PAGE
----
Officials mull options for Warfield site Job, tax creation envisioned for site with 15 buildings

130-acre complex

County wants to see upscale development at Springfield location

March 14, 1996|By Mary Gail Hare | Mary Gail Hare,SUN STAFF

With help from business and local government, the state hopes to convert an aging liability into an asset that creates jobs and a tax base in South Carroll.

Land planners, real estate brokers, architects and economic consultants met yesterday with state officials at Springfield Hospital Center to talk about options for the Warfield Complex and how to market the 130-acre site that has 15 mostly vacant buildings.

The state announced its intention to seek buyers for Warfield in December and has conducted tours and information sessions at the property along Route 32 in Sykesville.

"We want to work with business to create new jobs and a tax base," said Gary Ventry, an official with the state Department of Business and Economic Development. "We are exploring what makes sense and what the market will hold."

About 50 area companies and government agencies are interested in Warfield, but with reservations. Fred Glassberg, a consultant with Crystal Hill Advisors in Columbia, said the century-old buildings are "very usable for office space," and he urged the state turn the property over to Carroll County.

"This wonderful opportunity shouldn't be studied to death; just do it," he said. "Get it in the hands of the county, which has the elements in place to move forward with the property. Any solution that reasonable professionals suggest and that doesn't damage the ecology should be pursued."

Mr. Glassberg also suggested that the state economic development department should be one of the first tenants in his envisioned office complex.

Carroll County, with a 12 percent economic tax base, trails much to hope that the private sector will solve all the problems," Mr. Hoffman said. "The state is ducking the hard decisions. They have made a start, but they have a way to go."

Maryland may have to offer incentives, commissions or contingency fees to attract marketers, said Jerry L. Doctrow, senior vice president with Legg Mason Realty Group. Eliminating uncertainties, such as zoning, wetland protection and utilities problems, would draw prospective buyers to Warfield, he said.

"This property has a lot of uncertainties from a purchaser's point of view," Mr. Doctrow said. "Remove as many as you can."

Annexation into the town of Sykesville also could make Warfield more attractive. The town has proposed developing the site into an industrial center and making available its services, such as consistent planning and zoning regulations and historic district status.

The town and Springfield have been connected economically and socially since the hospital was founded in 1896, said Mayor Jonathan S. Herman, who also is a restoration contractor.

"We can reuse the best buildings and still have ample area, partially on Route 32, for new structures," Mr. Herman said. "Historic preservation will not get in the way of economic development of this property."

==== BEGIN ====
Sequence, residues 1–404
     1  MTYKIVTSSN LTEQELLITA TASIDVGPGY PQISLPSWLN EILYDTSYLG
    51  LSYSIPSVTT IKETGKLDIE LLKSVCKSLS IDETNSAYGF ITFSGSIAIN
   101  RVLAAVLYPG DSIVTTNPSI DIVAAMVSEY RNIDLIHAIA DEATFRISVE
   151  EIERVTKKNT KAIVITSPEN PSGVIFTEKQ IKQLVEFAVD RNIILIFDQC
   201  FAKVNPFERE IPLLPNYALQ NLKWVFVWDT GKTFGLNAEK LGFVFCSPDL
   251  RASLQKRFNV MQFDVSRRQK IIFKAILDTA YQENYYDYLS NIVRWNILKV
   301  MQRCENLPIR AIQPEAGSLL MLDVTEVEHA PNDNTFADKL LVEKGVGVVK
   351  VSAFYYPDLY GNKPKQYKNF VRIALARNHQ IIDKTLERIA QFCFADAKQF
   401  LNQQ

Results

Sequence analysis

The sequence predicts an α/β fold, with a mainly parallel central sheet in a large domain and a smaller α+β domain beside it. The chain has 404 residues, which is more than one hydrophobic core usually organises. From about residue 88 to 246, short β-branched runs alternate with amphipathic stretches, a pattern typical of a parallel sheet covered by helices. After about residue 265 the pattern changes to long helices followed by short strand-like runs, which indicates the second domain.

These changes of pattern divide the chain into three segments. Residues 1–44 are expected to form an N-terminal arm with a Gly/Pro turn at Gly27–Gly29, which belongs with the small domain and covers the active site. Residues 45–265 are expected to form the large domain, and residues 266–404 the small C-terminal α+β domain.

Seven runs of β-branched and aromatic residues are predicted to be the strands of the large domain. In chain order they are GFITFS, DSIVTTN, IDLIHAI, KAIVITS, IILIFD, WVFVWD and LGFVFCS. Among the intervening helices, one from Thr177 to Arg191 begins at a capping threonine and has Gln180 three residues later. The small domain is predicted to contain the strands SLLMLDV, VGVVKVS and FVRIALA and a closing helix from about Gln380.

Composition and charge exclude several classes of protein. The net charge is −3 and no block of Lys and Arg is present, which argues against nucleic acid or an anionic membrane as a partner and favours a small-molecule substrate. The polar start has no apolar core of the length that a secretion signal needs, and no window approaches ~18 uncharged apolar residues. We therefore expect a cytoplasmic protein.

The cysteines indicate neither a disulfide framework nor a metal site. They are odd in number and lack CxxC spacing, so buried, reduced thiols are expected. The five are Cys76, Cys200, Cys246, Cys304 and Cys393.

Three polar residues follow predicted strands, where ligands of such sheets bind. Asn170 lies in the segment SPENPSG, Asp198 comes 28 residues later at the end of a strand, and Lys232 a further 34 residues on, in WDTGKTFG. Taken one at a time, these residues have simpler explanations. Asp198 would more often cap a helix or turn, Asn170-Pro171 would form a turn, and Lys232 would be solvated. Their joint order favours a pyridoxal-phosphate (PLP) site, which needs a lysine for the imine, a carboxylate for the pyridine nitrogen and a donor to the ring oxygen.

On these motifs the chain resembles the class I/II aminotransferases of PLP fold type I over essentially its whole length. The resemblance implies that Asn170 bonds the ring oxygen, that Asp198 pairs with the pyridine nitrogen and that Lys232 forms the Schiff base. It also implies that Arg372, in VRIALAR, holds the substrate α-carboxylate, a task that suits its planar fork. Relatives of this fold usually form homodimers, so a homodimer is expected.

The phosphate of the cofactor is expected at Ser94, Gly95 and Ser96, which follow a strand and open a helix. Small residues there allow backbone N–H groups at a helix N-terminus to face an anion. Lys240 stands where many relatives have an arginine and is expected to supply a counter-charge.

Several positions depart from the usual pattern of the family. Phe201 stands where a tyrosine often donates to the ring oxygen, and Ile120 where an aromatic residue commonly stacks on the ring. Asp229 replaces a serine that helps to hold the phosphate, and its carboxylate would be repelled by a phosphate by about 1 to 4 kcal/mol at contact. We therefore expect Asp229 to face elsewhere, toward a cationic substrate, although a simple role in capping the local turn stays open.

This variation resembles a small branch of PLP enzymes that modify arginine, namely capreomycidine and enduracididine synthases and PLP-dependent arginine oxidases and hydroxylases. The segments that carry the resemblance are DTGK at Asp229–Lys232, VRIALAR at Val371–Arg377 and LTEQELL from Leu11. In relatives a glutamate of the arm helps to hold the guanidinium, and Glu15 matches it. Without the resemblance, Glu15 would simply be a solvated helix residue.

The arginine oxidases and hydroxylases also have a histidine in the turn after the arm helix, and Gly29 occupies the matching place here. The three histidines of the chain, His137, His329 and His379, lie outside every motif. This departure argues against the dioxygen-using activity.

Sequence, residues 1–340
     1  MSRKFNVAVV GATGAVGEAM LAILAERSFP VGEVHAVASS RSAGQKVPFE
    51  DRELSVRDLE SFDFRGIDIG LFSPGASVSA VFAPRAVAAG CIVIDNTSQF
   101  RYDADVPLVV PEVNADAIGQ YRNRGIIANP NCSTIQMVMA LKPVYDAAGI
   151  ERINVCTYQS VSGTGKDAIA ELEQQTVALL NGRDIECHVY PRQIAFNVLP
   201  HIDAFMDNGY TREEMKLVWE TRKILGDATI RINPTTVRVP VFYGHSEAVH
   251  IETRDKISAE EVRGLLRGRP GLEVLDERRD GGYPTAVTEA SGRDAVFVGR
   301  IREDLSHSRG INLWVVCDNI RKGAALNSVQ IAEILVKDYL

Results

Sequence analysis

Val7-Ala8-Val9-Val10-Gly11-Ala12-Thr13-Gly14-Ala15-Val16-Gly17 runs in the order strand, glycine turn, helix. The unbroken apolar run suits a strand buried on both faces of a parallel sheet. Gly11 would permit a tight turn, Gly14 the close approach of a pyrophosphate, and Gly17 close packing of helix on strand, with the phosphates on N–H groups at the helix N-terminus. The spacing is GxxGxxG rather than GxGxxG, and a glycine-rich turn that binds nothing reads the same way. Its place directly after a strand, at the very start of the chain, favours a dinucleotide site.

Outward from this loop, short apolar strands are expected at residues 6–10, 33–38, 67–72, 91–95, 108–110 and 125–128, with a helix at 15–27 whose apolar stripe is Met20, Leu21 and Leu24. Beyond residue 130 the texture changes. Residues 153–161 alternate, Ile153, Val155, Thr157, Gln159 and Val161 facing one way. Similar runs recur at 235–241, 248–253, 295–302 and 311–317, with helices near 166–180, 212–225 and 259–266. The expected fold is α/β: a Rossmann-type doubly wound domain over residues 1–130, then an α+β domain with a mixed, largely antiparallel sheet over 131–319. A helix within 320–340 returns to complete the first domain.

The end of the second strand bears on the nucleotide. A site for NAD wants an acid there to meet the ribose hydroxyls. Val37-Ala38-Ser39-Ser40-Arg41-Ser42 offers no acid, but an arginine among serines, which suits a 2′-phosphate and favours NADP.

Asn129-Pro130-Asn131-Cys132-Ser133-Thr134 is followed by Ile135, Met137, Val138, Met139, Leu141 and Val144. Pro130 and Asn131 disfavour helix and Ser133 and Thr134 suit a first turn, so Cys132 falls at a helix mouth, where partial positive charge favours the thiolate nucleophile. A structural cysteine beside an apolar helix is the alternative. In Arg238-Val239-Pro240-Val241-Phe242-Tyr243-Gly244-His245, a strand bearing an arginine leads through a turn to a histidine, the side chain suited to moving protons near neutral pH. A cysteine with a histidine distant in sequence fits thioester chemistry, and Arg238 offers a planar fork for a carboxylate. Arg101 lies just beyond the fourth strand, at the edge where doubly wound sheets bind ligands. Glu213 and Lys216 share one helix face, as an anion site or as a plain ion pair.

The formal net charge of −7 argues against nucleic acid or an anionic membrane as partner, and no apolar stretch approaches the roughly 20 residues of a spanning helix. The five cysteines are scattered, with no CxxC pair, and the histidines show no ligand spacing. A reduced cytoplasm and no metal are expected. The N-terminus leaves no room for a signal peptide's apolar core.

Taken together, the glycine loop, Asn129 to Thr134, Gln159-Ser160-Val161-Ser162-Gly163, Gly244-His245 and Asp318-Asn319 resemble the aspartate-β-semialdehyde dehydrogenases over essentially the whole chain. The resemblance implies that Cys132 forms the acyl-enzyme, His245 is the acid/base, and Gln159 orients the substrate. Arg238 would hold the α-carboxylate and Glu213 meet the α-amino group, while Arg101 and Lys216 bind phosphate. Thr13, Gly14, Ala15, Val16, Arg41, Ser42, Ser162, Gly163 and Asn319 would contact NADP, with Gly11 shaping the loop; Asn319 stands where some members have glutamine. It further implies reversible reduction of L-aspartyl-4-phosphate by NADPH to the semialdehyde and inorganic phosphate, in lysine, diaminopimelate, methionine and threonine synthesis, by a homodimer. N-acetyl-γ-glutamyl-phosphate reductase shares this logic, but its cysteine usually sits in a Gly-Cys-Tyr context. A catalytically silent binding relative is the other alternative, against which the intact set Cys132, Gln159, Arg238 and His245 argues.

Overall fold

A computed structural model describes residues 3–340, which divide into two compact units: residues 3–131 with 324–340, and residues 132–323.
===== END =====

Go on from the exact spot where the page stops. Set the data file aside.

Nearly all the buildings are eligible for the Maryland Historic Trust and the accompanying tax incentives available for historic renovations.

The state soon will declare Warfield excess and offer it to other state agencies, who have no use for it, said Steve Cassard, Maryland's assistant secretary for real estate.

The next step would be to offer it to the private sector.

"We are still in the thought stage and have made no major moves on this parcel," Mr. Cassard said. "We are looking to foster realistic development potential and financing vehicles."

As patient numbers declined from 3,500 to 450, the hospital abandoned most of Warfield. Still, maintenance of grounds and the brick structures, most of which are in fair condition, figure into the per patient costs and seriously inflate those numbers, said Paula Langmead, superintendent.

Reducing those costs could make the state less likely to close Springfield one of three state hospitals targeted for possible closing by 2000. Most participants in the forum yesterday agreed that Route 32 will play a key role in the property's future.

Marlene Conaway, county assistant director of planning, said proximity to Interstate 70 and proposed improvements to Route 32 enhance Warfield's potential as an industrial center. "Route 32 could be dualized all the way to Annapolis," Ms. Conaway said. "It would open the corridor into Carroll County and have more impact than Route 795. It will also make this area closer to I-95."

Improvements are being made along the Howard County section of Route 32. County officials will meet with the State Highway Administration on March 28 to push for similar improvements on the Carroll portion of the road.

Pub Date: 3/14/96

Baltimore Sun Articles
|
|
|
Please note the green-lined linked article text has been applied commercially without any involvement from our newsroom editors, reporters or any other editorial staff.